When I first started publishing stories ten years ago, the idea that the online venues were second-rate was definitely out there. There was this sense that the sites were ugly and stark, and more importantly, had no real editorial gatekeepers. On the flipside, many of the respectable print journals actually printed very few copies, and had little distribution. So the question was, publish with a place with little reputation, but who allows everyone on the planet to potentially read, or publish with a place that is more respected, but whose potential readership was pretty limited. Do I want readers, or do I want to pad my resume as a writer?
Luckily, in a very short amount of time, lots of great online venues for fiction emerged that provided both. Pindeldyboz, Failbetter, Hobarts, Lit N Image, and more recently, The Good Men Project. And most respectable print journals now have online components, either with excerpts or unique content.
There’s a constant argument against reading digitally that invokes the romantic smell of physical books, or the difficulties of reading on a screen. These complaints never really resonated for me. I think the real challenge to writers publishing digitally is the sheer glut of things to be read on the Internet in general. If someone actually purchased a print journal I was published in, they would probably have some incentive to actually read it. I’m not sure that a shared link has the same force. Like everything with the web, one problem has been solved while others have cropped up.
I do wonder about the future though in terms of using the Internet as a writer to its full extent, and not simply as the place where text is displayed. I’m certainly not the writer who’s going to innovate that way, but I can imagine a generation of writers immersed in technology from the start who might be interested in creating much more interactive ways of telling stories. When my students at the university read fiction, their approach is often to want to change the story, as opposed to discuss it as it is, fixed on the page. What happens when some of them become fiction writers?
How does it feel to have the book out in the world?
It’s thrilling and gratifying. I’m indebted to so many people, yourself included, for keeping my head in the game. I wrote the first piece that is part of this collection twelve years ago. This is a project I’ve been invested in for a long time, so it feels good for persistence to pay off.
But sometimes it is strange to get what you want. I still wake up some mornings wondering if the manuscript will ever be published. I guess there’s some residual anxiety.
People keep telling me to enjoy it, and I get it. But I think for most writers the question is always, what’s next? There was a time when all I wanted was to publish a story, and thought that would solve all my problems. When I did publish one, all I wanted to do was publish more. When I published a few more, all I wanted was an agent. When I got an agent, all I wanted was to sell the manuscript. Now that it’s been sold, all I want to do is finish a new project.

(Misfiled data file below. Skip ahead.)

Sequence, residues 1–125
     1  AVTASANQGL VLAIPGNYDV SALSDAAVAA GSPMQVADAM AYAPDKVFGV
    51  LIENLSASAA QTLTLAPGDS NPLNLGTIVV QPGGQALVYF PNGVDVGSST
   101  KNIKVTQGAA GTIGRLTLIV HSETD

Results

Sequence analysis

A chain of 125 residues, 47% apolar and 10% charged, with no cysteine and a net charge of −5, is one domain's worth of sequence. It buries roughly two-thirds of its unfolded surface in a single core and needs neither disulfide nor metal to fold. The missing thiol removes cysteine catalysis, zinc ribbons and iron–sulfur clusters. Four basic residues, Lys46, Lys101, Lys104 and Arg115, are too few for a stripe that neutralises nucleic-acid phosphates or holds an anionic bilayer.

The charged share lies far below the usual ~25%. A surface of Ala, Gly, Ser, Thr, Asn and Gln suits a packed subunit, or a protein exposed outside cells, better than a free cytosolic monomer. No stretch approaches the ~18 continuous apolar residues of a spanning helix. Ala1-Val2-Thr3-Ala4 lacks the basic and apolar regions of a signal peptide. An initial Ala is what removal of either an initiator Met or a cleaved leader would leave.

But it is thrilling, and I hope people like the book. I worked hard on it.
The night Roger was beaten to death, I was out there running, too. For weeks, he had been trying to convince Clip and me to hang out at the Fox Chase playground on Friday nights. The older kids were buying beer and selling cups for a buck. The girls that came were getting wild, dancing to the music blasting out of car stereos, and flashing their chests. I was skeptical. The guys that hung around the playground at night were not my friends; they got in fights, smoked. I knew some of them from soccer, and we had a tenuous truce because I could play, but I didn’t want to tempt things and didn’t care much about drinking beer. Usually, Clip and I spent our Friday nights drinking black-cherry soda and making prank phone calls. Sometimes my sister Lovely and her friends would be camped out in the basement and we would hover on the landing, hoping to hear something about sex. At the time, we were both desperate to get blowjobs, and while technically we knew what sexual act was being referred to, we were curious about the name. It was the word “blow” that was confusing us the most. Roger finally convinced us to go to the playground by invoking that mysterious word: “Milk and Eric both got blowjobbed this weekend, and the girl wants to give more.” The word “give” was also strange to me. A person “had” sex, “made” love, but this was something that could only be given. “Who is this girl?” Clip asked, as if it mattered. “Some pig?” “No, no. She’s hot. Lives out of the parish. Just come.” Clip and I talked it over on the walk home from school that Monday afternoon. “I’ve got five bucks,” he said. “That’s five beers. Is that enough?” I shrugged. “How much are you gonna bring?” “I’ve got 10 bucks. I could get more if I tell Mom and Dad I’m doing something else.” “Do we have to pay that girl? I don’t want to do that.” “Doesn’t sound like it. She’s giving them away.”